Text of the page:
No one recognized me as myself for a year after I had my daughter, eight years ago. It would’ve been impossible. I didn’t recognize myself.
The shift started right away: After three days of lactation specialists shoving my daughter’s face into my breast, it just wasn’t working, and I ignored all the well-intentioned chiding that “breast is best.” When the caseworker in charge of my Medicaid account kept challenging the date of conception I’d written on my paperwork, I finally told her that I would know better than she would. Before, I would’ve deferred to either woman’s professional authority. Now, I’m driven by a more urgent sense of advocacy. Now, I’m fighting for two.
The distance between tennis great Serena Williams’s pre- and post-motherhood personalities is shorter. Williams has never been hesitant to publicly practice self-advocacy, as she did in 2015 when she wrote about ending a 13-year boycott of the Indian Wells tennis tournament, where she and her family endured racial epithets and heckling in 2001. But last Saturday’s U.S. Open final was clearly about more than speaking up on her own behalf. She crossed the court and glared up at chair umpire Carlos Ramos after he accused her of receiving coaching, insisting, “You owe me an apology. I have never cheated in my life. I have a daughter and stand for what’s right for her.”
The sound of her voice catching in her throat on the word “never” was resonant. Her mind was on more than just the match: She was fighting for two.
This year is the first that Williams has spent competing as a mother. It’s drawn unique interest and criticism, raised the stakes of each match’s outcome, and forced this already exceptional competitor to push her postpartum body and mind in ways for which she’s had no prior context. Even in the relatively specific world of tennis, she’s not alone. The next chapter of her professional life, which began just five months after a life-threatening postpartum complication, is being written with every loss and advancement, every concession to replace a catsuit with a tutu, every twirl after a victory.
The idea that she’d receive coaching is injurious enough at this point in her career, but to be cited for it after childbirth adds insult injury. There’s an underlying implication that, postpartum, she might need it. That she would push back so hard against the charge makes complete sense to me, given that someday, her daughter will be old enough to understand the importance of this moment.
I’m constantly concerned with this idea of maternal reckoning. That someday, when my daughter’s old enough, she will demand explanations for the things she doesn’t understand or believes I could’ve handled differently. She’s 8 now, and already, she asks me questions. Hard ones: Why do I have a child if I’ve never been married? Why do we live with Nana and Granny, instead of on our own or with her father? Why do I do what I do — at any given moment?
Even though she might not understand some of my answers, I feel accountable for them. I write her letters that I hope will explain, several years from now, how I navigated parenting when I didn’t have money or companionship or when we were in situations where there was no one to advocate for the two of us but me. I am hoping the letters will provide her a blueprint for adult life as a black woman in this country, even if she uses them as illustrations of what not to do. In her adult life, if she’s ever called upon to defend how she was raised, I want her to be able to reference the account of the woman who raised her.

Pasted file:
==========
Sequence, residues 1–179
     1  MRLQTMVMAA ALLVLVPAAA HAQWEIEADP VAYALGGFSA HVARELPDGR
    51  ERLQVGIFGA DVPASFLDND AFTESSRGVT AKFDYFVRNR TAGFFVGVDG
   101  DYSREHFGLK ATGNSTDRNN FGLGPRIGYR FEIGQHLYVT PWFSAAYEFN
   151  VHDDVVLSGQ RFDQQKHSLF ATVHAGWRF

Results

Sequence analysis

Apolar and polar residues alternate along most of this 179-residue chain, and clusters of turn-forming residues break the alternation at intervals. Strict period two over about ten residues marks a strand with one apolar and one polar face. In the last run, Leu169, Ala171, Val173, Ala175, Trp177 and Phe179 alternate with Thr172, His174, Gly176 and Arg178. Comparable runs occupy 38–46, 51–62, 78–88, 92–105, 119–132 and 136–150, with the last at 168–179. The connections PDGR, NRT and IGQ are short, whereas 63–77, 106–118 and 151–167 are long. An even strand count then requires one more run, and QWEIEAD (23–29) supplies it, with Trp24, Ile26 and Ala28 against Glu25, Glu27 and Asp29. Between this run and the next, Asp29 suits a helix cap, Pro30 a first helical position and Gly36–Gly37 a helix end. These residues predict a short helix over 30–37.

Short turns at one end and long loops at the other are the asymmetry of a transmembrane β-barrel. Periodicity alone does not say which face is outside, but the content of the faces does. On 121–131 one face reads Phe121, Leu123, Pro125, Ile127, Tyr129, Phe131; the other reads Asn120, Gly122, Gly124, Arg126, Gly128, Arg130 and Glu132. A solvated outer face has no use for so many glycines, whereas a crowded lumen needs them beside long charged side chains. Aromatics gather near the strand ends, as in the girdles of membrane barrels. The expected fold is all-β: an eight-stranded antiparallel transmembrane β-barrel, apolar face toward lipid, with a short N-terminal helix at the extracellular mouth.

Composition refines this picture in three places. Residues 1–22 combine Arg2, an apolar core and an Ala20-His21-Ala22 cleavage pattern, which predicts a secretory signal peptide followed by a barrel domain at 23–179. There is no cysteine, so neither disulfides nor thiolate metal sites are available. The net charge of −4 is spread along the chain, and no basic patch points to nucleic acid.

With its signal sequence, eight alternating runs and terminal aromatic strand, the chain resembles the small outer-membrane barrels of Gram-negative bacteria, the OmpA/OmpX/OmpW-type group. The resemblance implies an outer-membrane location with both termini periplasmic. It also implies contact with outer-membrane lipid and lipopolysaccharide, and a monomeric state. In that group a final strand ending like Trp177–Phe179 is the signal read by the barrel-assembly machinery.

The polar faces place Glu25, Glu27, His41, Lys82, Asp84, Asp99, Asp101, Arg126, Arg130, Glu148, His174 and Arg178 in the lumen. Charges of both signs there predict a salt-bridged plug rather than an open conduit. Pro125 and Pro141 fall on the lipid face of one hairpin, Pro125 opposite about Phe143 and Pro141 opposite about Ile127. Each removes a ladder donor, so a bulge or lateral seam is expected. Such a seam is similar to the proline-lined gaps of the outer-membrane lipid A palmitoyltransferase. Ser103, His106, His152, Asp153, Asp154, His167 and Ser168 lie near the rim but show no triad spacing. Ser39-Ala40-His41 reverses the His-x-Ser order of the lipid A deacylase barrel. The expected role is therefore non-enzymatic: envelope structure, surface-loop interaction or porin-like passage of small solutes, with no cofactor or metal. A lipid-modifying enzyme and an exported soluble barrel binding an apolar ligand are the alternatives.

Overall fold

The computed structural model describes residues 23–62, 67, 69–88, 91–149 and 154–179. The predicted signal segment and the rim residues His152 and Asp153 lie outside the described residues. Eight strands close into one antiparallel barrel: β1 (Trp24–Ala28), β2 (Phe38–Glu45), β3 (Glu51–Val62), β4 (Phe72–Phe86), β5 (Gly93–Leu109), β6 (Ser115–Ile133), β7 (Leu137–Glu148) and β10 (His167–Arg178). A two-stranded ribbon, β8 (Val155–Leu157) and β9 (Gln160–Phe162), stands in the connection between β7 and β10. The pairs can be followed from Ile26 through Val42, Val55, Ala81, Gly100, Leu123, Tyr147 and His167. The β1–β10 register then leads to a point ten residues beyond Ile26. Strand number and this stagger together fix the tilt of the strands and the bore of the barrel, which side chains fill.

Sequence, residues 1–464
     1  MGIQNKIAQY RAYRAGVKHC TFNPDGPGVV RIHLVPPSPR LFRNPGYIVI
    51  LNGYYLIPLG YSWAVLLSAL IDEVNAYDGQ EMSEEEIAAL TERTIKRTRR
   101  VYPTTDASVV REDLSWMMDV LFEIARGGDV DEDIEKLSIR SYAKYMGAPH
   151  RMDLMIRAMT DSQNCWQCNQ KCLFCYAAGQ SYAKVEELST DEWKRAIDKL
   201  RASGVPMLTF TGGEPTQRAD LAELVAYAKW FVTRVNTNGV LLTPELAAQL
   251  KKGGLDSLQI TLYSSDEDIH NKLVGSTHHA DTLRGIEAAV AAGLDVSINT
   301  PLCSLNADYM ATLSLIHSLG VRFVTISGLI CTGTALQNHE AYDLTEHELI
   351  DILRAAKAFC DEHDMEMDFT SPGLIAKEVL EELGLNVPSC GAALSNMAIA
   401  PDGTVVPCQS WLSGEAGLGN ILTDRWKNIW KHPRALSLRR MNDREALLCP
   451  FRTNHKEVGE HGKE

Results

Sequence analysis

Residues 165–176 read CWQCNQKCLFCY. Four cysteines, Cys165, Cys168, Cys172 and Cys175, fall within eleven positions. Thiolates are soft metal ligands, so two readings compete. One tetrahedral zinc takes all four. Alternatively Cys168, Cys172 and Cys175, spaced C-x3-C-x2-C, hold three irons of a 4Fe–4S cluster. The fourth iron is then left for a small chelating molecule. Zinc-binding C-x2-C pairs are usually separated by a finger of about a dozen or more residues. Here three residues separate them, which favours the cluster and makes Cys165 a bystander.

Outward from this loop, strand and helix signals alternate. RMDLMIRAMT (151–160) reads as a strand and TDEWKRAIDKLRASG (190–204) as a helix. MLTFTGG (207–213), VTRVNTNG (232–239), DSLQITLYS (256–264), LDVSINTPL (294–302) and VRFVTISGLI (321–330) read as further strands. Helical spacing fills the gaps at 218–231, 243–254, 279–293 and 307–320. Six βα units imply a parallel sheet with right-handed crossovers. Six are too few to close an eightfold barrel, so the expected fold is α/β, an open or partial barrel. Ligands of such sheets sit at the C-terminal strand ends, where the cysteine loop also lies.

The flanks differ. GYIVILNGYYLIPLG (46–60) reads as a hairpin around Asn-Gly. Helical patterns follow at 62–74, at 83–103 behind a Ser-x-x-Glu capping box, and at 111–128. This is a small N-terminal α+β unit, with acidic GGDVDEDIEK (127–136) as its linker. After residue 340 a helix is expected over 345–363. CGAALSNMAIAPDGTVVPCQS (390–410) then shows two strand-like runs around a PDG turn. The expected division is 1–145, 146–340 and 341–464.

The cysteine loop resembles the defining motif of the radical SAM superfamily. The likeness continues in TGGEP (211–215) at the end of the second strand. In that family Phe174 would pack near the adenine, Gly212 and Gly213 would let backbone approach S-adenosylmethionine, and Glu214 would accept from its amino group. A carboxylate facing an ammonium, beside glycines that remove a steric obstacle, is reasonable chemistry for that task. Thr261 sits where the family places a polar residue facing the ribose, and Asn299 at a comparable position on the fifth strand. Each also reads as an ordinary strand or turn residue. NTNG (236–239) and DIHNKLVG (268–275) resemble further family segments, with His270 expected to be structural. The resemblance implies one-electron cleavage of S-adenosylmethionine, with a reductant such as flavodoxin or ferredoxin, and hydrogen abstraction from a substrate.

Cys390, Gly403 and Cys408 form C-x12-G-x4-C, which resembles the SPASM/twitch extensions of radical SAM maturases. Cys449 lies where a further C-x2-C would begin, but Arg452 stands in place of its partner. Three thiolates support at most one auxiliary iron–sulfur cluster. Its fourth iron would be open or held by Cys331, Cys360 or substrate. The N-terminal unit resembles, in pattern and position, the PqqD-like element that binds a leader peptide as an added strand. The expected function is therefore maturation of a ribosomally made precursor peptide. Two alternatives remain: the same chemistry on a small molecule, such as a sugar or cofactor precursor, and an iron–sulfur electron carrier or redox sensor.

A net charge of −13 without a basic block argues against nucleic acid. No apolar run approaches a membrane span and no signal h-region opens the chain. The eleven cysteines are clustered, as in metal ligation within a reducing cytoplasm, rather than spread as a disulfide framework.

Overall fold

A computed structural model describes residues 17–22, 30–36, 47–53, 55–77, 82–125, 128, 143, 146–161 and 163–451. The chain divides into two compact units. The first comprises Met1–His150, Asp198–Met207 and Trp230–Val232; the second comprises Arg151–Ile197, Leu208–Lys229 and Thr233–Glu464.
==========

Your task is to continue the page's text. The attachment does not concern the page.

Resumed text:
My guess is that Serena Williams is also concerned with what her personal history will mean for her daughter. But unlike most of us, she doesn’t have the benefit of anonymity. She contends for an accurate account of her life out loud and in public.
As it became apparent that Ramos would neither apologize nor rescind the call, Williams called for tournament referee Brian Earley and WTA supervisor Donna Kelso and addressed them instead. She cited the sexism of the proceedings, asserting that male players sidestep penalty for far worse infractions than calling an umpire a “thief.” Then she appealed to both officials’ history with her: “You know me. You know my character. And that’s not right. This has happened to me too many times.”
With over 21 years spent under the public’s critical gaze, Williams knew right away what motherhood would mean for herself, as a competitor, and for her daughter, who’ll grow up in proximity to her mother’s often harsh limelight. In an open letter to her own mother, Oracene Price, two weeks after giving birth, she wrote:
I was looking at my daughter (OMG, yes, I have a daughter 😳) and […] I don’t know how I would react if she has to go through what I’ve gone through since I was a 15 year old and even to this day. […] I’m not sure how you did not go off on every single reporter, person, announcer and quite frankly, hater, who was too ignorant to understand the power of a black woman. […] I only wish I could take your lead. I am trying, though, and God is not done with me yet.
Revisiting the letter now makes Serena’s actions on the U.S. Open court seem prescient. Her message to her mother is about the work of reinvention, about redefining when to push back and when to let things go. That balancing act is ongoing. Williams successfully navigated it on Saturday, both in her confrontation with Ramos and afterward, when she calmed the booing crowd during the trophy ceremony and redirected its focus onto tournament winner Naomi Osaka. The rest of us navigate it in much lower-profile situations every day: our parent-teacher conferences, our conversations with co-parents or extended family, our job performance reviews (especially when there’s a raise at stake). Moment to moment, it’s what motherhood demands. Whether they’re old enough to fully understand or not, our children are watching.